After recent news that responsive email design improves click-through rates by 15%, it’s small wonder many people are asking “what is responsive email design?”

The answer is, on the face of it, simple.  Responsive email design is the design (and build) of emails so that they display content in a way optimised for any device they’re viewed on.

For instance, on a desktop the content will spread as wide as needed to provide best readability and display of images.  Whereas on a mobile phone, the content will most likely display in a single column, with clear legible text and smaller images.

How do you make an email responsive?

Thankfully the process for responsive email design is becoming easier all the time.  The most cost effective approach (one I always suggest to clients) is to settle on a few layouts for emails, and then have reusable templates created for these.  This means the hard work of developing and testing responsive design is only done once.

The actual technology behind responsive emails is the use of CSS (cascading style sheets) rules to change the way the email content is displayed depending on the viewport (screen) area of the device in question.  For instance, if a screen is considered to be small, the content will typically be displayed in a single column (by hiding other content).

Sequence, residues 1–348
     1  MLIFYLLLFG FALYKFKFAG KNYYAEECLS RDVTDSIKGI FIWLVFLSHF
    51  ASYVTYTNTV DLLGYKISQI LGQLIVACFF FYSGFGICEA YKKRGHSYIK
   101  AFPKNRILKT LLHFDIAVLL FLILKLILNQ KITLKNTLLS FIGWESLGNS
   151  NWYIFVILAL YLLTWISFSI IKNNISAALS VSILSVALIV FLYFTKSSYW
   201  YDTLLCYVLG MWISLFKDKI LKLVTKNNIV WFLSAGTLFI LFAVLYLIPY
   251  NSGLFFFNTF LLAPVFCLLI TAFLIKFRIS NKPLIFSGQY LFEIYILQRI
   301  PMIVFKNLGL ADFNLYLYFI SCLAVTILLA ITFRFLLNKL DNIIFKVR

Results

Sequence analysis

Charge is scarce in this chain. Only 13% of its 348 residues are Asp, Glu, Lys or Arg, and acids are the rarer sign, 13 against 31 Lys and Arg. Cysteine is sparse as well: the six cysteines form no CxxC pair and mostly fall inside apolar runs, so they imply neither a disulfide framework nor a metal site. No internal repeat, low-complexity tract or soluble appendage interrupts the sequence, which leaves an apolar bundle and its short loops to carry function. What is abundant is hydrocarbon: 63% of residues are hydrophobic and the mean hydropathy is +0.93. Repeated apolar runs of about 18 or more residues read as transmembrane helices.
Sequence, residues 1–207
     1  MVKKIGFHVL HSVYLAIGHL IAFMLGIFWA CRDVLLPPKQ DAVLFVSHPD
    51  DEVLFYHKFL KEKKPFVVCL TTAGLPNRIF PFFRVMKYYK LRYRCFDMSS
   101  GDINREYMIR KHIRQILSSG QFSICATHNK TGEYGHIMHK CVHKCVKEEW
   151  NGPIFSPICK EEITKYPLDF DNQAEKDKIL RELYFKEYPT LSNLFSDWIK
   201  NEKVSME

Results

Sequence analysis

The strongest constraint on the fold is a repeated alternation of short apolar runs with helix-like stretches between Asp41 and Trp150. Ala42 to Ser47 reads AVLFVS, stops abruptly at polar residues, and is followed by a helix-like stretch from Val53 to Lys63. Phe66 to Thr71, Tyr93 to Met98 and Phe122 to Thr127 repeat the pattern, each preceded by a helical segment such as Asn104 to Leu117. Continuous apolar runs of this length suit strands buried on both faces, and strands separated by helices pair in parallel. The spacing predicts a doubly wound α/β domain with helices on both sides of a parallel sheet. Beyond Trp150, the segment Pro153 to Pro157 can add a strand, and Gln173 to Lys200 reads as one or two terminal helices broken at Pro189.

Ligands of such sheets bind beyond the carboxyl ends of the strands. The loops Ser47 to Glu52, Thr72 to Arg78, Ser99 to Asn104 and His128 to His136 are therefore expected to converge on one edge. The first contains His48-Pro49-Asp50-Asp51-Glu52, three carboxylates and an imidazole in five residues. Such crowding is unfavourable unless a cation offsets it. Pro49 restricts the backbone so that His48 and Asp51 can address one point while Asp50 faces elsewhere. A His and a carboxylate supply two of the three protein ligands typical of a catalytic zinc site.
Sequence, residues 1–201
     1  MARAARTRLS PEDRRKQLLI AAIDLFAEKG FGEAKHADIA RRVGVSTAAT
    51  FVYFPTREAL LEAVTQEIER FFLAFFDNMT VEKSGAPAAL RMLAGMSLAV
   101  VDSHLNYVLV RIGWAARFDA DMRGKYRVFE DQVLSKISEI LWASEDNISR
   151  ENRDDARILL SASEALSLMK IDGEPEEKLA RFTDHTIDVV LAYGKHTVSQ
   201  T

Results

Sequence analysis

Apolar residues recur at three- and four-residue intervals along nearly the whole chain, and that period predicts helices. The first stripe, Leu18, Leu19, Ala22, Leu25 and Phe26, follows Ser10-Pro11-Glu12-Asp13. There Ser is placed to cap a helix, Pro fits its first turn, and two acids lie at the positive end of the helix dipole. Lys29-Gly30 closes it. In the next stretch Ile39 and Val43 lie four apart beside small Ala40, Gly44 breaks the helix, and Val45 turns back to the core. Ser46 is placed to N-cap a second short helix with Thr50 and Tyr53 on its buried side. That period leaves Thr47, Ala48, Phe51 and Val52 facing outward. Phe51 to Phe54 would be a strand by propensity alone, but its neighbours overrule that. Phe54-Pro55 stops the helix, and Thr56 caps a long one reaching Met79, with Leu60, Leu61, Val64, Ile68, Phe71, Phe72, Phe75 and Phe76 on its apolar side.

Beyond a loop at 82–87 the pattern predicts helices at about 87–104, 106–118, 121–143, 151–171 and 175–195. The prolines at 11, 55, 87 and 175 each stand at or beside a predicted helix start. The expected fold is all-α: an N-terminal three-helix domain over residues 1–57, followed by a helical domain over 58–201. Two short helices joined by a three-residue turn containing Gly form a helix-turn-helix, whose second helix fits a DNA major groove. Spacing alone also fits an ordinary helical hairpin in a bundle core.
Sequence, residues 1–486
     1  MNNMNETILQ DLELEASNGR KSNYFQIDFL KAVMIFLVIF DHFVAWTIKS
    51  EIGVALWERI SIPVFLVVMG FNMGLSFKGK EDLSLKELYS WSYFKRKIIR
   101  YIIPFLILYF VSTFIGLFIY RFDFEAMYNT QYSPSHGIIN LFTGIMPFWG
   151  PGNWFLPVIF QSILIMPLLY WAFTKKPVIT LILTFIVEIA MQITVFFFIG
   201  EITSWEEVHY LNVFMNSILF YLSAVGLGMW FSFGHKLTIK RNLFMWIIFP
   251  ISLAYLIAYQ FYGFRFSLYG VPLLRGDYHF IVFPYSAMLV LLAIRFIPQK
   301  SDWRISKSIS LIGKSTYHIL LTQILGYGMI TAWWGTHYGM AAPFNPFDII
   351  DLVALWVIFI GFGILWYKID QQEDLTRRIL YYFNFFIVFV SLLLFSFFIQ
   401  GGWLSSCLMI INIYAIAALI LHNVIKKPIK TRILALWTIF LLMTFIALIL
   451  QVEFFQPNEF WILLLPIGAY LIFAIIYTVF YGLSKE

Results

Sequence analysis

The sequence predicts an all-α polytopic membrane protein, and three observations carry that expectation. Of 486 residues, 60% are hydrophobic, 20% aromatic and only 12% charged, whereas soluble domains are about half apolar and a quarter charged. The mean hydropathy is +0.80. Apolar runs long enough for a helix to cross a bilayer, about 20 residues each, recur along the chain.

Many different CSS frameworks exist now to aid developers in applying the ‘responsive magic’ to email designs.  A capable front-end developer should be able to ensure your emails are optimised from high-resolution desktops, through to the smallest phone screens within a few hours.

What are the problems with responsive email design?

One of the biggest challenges facing the current approach to responsive emails is that a few mobile email browsers strip out the coding that enables the emails to resize and change layout – defaulting to the desktop design.

The other major challenge is the current approach to responsive email design is to hide and display content, depending on the device.  This can often mean that large desktop images are downloaded to mobile devices.  This uses more bandwidth than needed, but as bandwidth becomes less of a restriction, this is a fading concern for many.

Both of these challenges can be overcome with more sophisticated email dispatch or marketing automation systems, but for most marketers this level of refinement doesn’t make commercial sense.

Should I use responsive email design?

The writing’s on the wall – do you want higher click-through rates?  If so, use responsive email design.

As customers become accustomed to mobile-optimised websites, and over 65% of emails are read on mobile devices, it’s a trend we can’t ignore.

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